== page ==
How to Read a Wine Label
Decode any bottle, and even learn how to read a French wine label.
Have you ever picked up a bottle of wine, looked at the label, and still had no idea what type of wine was in the bottle? Most of us have been there. Wine labels come in all shapes and sizes, and they come with a variety of information printed on them. Some will have the wine brand and grape variety, others have the appellation and the appellation classification (AOC, DOC, etc.). Without some idea of what this all means, it can be difficult to figure out what type of wine you’re buying.
Luckily, we're here to help. With a few simple tips, you can learn How to Read a Wine Label like a pro. We'll teach you how to recognize each piece of information on a wine label, and we'll let you know what's important on different types of wines. With this easy guide to reading wine labels, you'll be browsing the wine aisle with confidence in no time.
How to Read Wine Labels by Grape Name (Varietal)
One thing that makes reading wine labels tricky is the difference between Old World vs New World wine naming conventions.
New World wines (American, South American, Australian, and others.) are usually labelled by grape name. The label will tell you whether you're buying a Chardonnay, Chenin Blanc, Cabernet Sauvignon, and so on.
Old World wines, on the other hand, are usually labelled by appellation. That means that the label probably won't tell you what kind of grape the wine is made from. It will only tell you where the wine was made.
If your wine has the grape name on the label, then reading the wine label becomes easy. If it says Chardonnay, then you've got a Chardonnay. Check for the name of the winery or wine producer, if that interests you. It might or might not, depending on how familiar you are with how wines from different producers taste. You can also look for the appellation, which will tell you where the wine was made. This may give you some clues as to how the wine tastes, if you are familiar with wine regions.
The image below shows key parts of a wine label, including: winemaker or winery; vintage year (year the grapes were grown); appellation; grape name (varietal); and appellation classification.
How to Read Wine Labels by Appellation (or How to Read French Wine Labels)
If you're an English speaker and primarily buy wine in the United States, then your experience with Old World, or European, wines may be limited. The thing to know is that wine regions in Europe usually only produce one or two types of wine (sometimes a red, a white, and a rosé).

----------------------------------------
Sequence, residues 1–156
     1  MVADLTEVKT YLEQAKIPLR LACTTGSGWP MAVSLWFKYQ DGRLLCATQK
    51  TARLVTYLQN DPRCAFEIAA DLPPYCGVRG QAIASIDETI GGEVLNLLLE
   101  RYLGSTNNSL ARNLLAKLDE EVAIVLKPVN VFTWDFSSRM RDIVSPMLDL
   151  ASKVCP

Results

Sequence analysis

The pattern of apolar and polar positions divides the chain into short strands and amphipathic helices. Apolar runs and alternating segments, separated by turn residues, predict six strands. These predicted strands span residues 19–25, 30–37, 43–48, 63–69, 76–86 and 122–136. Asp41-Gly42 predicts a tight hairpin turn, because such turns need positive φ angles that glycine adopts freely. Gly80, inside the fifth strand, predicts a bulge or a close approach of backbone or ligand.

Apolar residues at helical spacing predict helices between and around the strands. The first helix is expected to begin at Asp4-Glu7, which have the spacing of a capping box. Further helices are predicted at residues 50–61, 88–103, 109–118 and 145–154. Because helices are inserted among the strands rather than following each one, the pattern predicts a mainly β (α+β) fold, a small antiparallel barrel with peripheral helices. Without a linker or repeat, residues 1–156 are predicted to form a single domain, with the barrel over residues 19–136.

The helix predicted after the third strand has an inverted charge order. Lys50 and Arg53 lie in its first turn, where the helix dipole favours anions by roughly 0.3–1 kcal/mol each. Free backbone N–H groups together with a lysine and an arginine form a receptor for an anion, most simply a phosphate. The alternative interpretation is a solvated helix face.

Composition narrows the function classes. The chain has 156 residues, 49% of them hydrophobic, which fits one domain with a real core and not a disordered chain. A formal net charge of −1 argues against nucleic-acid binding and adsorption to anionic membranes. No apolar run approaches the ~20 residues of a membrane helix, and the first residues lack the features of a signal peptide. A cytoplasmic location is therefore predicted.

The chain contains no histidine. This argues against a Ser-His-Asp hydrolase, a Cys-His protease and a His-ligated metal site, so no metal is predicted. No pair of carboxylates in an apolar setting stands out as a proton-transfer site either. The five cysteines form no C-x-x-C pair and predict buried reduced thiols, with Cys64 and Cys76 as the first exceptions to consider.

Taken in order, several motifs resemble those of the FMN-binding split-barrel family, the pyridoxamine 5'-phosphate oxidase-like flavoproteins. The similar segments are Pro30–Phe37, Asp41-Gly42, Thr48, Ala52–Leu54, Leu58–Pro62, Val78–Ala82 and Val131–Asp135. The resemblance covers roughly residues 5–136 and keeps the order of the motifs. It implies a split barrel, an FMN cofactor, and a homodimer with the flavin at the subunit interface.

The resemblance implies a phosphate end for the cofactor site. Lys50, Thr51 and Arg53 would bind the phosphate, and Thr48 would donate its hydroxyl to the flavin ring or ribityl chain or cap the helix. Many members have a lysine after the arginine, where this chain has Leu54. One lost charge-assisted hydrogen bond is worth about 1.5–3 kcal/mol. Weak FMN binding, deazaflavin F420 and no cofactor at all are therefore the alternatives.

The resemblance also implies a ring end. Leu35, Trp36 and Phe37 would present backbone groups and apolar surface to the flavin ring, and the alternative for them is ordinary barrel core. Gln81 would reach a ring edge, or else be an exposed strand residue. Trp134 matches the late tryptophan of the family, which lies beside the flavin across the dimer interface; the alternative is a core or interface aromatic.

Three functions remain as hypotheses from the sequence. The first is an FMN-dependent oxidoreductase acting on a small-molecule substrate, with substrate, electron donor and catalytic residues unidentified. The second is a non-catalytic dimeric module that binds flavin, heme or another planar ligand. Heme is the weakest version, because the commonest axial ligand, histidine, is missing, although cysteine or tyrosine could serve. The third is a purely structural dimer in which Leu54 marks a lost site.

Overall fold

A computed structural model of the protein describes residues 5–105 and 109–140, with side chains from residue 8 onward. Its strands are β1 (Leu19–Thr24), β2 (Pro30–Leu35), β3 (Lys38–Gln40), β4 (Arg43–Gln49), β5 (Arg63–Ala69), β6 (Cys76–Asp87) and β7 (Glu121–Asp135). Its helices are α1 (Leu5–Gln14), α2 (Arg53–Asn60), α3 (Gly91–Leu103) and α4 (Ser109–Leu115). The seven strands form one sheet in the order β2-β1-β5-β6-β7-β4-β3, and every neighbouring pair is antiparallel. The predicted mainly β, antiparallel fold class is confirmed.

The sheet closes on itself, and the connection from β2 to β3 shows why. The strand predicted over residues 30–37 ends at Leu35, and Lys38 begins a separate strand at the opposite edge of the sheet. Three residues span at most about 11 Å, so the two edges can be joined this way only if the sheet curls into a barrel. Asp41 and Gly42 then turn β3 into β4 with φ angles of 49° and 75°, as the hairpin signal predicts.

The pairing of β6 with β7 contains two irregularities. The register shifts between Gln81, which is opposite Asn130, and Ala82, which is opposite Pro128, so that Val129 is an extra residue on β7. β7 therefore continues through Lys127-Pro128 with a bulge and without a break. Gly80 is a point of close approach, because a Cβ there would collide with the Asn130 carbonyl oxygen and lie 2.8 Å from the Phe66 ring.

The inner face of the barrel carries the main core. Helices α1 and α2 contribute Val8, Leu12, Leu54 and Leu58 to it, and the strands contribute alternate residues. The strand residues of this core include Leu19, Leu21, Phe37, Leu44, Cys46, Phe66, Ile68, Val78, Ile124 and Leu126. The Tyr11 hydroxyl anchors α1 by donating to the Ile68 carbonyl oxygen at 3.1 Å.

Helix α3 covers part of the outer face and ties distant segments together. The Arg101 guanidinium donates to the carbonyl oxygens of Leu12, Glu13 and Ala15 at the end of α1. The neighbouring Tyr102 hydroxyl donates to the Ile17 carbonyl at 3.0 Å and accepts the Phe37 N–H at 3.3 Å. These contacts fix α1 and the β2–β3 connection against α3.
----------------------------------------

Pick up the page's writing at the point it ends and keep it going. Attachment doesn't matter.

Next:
So, if you know where a wine was made, you have a great idea of what type of wine you're getting. The trick is to know a few European wine appellations for the wines that you really like. Here are some common Old World wine regions and the types of wine that they produce.
Bordeaux: Red Blend (Cabernet Sauvignon, Cabernet Franc, Merlot), White Blend, Rosé
Burgundy: Pinot Noir, Chardonnay
Sancerre: Sauvignon Blanc
Rías Baixas: Albariño
As you might expect, there are many exceptions to these rules. In the example below, there are actually two appellations indicated on the label. This is because "Langhe Nebbiolo" is the name of the appellation classification (DOC). What the label is saying is that this wine is made from Nebbiolo grapes, grown in Langhe, Italy, and that it meets certain quality requirements. Neive, Italy, listed on the bottom of the label, is an even more specific location in Italy.
It's also possible for wines to include both the grape name and the appellation, as in the Langhe Nebbiolo. In that case, it's just great to have both pieces of information!
Other Things You'll See When Reading a Wine Label
The winemaker, appellation, and varietal are the most useful pieces of information on a wine label. These will help you figure out what kind of wine you're buying and if you might like it.
However, other pieces of information on the wine label might be interesting to you. Here is a list of terms you might see when reading a wine label and what they mean.
Variations of Appellation D'Origine Contrôlée, like AOC, DOC, DOCG, and IGT
All of these are appellation classification, and they are found on many European wines. You might also see the appellation named specifically, such as Appellation Sancerre Controlée. All of these mean that the wine has been certified as being made in a certain area and having a certain quality. Wines with these designations will typically be higher quality.
This indicates a batch of wine and is sometimes used to distinguish among different wines from the same producer. Premiere Cuvée or Cuvée Speciale might indicate a higher quality wine than that producer's "regular" wine.
ABV and Volume
The label will often include the alcohol by volume and the volume of the wine bottle.
Grand Cru, Premiere Cru
This indicates a group of vineyards recognized for their quality. Seeing one of these terms on a wine label usually indicates a good quality wine.
These terms are used in the names of many French wineries, such as Château La Nerthe. If you see these words, they’re usually part of the winemaker name.
Enjoy browsing for wine with your new knowledge! If you have any questions, please let us know in the comments below.
What questions do you have about reading a wine label?
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